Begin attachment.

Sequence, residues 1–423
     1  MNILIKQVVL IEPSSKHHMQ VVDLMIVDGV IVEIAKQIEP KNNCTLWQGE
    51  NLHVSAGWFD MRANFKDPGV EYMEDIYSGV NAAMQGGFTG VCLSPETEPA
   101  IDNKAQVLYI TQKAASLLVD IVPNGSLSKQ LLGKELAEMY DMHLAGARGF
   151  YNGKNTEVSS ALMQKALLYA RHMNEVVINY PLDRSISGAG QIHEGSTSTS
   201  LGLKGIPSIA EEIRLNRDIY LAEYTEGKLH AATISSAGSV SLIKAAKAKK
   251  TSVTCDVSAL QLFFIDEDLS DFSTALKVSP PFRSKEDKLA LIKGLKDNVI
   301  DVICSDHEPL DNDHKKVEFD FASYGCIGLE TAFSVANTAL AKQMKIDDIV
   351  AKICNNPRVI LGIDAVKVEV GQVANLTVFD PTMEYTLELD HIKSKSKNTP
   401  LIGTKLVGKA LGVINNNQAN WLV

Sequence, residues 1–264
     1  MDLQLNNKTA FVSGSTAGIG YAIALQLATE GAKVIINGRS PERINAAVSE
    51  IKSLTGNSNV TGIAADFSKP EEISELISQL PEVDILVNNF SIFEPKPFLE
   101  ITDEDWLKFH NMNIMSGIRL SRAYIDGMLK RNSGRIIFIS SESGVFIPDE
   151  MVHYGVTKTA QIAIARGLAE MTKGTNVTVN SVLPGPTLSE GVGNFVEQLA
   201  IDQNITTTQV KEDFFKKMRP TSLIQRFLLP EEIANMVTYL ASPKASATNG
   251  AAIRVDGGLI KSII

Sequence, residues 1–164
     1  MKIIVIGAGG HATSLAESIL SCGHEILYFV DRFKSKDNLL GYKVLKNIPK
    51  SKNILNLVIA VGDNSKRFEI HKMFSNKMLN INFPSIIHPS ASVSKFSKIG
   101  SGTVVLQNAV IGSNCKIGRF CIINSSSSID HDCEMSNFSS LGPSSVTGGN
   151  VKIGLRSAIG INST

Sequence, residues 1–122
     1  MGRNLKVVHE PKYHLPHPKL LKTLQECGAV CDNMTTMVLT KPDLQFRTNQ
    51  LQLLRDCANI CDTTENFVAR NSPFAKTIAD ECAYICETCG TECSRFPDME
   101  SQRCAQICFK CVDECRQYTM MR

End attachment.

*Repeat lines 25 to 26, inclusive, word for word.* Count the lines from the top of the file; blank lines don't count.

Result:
    51  LQLLRDCANI CDTTENFVAR NSPFAKTIAD ECAYICETCG TECSRFPDME
   101  SQRCAQICFK CVDECRQYTM MR